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    You want your users to do something, buy things, beg you to work for them, learn how they too can achieve inner peace. So how do you get them to do what you want? Try getting out of the way.

  • Ambient Findability: Findability Hacks

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    In this excerpt from his new book, Ambient Findability, Peter Morville explains why findability is a required element of good design and engineering--and what that means for you.

  • Calling All Designers: Learn to Write!

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    You know all that copy that goes around your forms and in your confirmation e-mails? Who's writing it? Derek Powazek explains why it's important for user-interface designers to sharpen up their writing skills.

  • Reading Design

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    With so many specialists working so hard at their craft, why are so many pages so hard to read? Unabashed text enthusiast Dean Allen thinks designers would benefit from approaching their work as being written rather than assembled.

  • Home Page Goals

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    Home pages may get plenty of design attention, but that doesn't mean they don't need improvement.

  • Thinking Outside the Grid

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    CSS has broken the manacles that kept us chained to grid-based design...so why do so few sites deviate from the grid? Molly E. Holzschlag can tell us that the answer has something to do with airplanes, urban planning, and British cab drivers.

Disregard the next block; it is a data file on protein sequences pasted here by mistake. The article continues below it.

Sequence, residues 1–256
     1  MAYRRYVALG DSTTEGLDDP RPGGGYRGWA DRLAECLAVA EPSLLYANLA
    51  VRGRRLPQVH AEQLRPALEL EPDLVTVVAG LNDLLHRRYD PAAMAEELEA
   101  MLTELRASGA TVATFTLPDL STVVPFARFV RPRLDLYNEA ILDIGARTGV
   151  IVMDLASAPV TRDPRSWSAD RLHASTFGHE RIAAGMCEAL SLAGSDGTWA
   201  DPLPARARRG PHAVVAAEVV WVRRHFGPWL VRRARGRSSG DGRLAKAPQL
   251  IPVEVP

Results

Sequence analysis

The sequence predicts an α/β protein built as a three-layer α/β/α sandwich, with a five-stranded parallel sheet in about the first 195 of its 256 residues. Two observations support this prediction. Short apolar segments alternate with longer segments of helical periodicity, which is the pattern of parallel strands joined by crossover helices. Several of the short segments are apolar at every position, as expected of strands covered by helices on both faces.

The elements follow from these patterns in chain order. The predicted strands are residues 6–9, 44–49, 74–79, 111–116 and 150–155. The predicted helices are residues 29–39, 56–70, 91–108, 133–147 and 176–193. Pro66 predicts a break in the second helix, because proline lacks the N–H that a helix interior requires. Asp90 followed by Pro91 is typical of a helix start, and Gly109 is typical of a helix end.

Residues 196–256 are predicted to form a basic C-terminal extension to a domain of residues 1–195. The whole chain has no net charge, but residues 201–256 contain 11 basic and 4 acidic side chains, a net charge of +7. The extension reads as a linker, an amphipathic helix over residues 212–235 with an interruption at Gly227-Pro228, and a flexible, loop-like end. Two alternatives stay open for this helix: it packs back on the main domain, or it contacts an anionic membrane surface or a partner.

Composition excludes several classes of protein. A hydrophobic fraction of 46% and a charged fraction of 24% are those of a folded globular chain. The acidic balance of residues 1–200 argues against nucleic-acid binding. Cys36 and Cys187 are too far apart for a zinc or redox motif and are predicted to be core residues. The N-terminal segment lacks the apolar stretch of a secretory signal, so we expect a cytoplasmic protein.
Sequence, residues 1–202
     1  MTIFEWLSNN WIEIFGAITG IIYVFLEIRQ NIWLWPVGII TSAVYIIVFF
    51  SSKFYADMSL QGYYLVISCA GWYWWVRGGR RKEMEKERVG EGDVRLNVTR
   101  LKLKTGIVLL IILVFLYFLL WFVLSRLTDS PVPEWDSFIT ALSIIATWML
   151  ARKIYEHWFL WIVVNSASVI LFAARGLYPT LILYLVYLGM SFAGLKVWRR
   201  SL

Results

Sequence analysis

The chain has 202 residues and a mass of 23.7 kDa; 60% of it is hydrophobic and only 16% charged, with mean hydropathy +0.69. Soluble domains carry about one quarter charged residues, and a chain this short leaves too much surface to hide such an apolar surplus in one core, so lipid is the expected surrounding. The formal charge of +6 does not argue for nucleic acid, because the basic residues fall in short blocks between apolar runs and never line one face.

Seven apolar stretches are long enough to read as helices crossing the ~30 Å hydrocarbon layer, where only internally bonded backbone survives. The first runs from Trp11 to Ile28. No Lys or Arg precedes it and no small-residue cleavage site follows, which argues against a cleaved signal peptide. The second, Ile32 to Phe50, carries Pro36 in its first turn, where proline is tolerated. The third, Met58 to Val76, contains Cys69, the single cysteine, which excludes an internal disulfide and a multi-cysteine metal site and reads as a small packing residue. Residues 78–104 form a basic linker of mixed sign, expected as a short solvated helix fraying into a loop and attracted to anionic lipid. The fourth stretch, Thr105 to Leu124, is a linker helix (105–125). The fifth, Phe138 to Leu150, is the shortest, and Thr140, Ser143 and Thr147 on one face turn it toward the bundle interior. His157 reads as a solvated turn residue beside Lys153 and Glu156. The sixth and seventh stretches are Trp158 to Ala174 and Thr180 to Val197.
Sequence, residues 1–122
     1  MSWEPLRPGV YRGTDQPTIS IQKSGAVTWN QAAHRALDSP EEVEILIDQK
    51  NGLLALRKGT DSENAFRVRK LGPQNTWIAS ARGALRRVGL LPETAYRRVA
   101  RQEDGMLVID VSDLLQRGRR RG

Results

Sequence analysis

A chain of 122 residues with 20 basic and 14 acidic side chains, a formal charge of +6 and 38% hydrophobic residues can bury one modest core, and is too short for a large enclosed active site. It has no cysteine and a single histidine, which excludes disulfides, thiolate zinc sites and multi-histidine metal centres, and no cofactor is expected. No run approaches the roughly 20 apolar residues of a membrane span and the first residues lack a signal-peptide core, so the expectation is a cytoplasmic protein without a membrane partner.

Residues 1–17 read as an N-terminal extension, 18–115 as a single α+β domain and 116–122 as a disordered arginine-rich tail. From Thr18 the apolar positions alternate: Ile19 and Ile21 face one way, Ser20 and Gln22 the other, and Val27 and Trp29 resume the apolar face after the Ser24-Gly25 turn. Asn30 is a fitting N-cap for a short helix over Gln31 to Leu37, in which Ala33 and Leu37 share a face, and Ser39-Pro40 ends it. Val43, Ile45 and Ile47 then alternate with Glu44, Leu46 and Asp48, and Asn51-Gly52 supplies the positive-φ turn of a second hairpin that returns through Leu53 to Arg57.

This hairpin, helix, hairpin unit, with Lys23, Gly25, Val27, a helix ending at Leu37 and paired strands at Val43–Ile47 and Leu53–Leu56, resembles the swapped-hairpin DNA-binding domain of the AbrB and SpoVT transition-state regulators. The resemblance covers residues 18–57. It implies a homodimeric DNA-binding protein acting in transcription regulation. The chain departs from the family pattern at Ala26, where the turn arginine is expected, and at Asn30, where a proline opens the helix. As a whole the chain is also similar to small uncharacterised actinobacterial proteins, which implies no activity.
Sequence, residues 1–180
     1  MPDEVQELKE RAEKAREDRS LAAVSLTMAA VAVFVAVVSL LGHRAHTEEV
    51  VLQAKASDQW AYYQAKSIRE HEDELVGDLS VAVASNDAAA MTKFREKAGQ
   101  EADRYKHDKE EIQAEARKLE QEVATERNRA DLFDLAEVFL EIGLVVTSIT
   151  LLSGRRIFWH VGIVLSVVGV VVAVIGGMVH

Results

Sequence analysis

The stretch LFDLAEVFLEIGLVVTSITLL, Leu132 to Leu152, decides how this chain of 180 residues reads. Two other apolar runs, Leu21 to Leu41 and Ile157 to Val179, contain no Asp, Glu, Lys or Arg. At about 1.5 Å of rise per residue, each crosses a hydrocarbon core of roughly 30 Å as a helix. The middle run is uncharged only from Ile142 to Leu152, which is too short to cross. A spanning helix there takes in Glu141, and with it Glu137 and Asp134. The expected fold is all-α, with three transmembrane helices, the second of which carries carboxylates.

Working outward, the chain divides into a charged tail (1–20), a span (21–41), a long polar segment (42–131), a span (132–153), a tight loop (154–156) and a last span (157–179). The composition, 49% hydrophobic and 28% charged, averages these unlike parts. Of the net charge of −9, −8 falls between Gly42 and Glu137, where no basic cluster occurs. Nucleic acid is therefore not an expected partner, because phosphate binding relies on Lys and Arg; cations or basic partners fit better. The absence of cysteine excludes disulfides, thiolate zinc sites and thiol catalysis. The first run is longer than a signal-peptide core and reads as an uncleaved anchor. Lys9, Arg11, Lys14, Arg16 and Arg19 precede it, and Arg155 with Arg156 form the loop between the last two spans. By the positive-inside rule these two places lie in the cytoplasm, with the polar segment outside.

• Night of the Image Map

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    CSS design from beyond the grave: all the secret ingredients you’ll need to resurrect the image map using CSS and structurally sensible XHTML.

  • High-Resolution Image Printing

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    Your client looks up and says, "Why does our logo look funny when we print the pages?" Do you sigh dramatically, or learn about Ross Howard's technique for printing high-resolution images via CSS? We vote for option B.

  • Sliding Doors of CSS

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    Image-driven, visually compelling user interfaces. Text-based, semantic markup. Now you can have both! Douglas Bowman’s sliding doors method of CSS design offers sophisticated graphics that squash and stretch while delivering meaningful XHTML text. Have your cake and eat it, too!

  • Build a PHP Switcher

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    ALA’s open source style sheet switchers are swell as long as your visitors use compliant browsers and have JavaScript turned on. But what if they don’t? Perhaps, this: Chris Clark tells how to build a cross-browser, backward-compatible, forward-compatible, standards-compliant style sheet switcher in just five lines of code.

  • CSS Design: Mo’ Betta Rollovers

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    Design smarter, faster, better rollovers with CSS.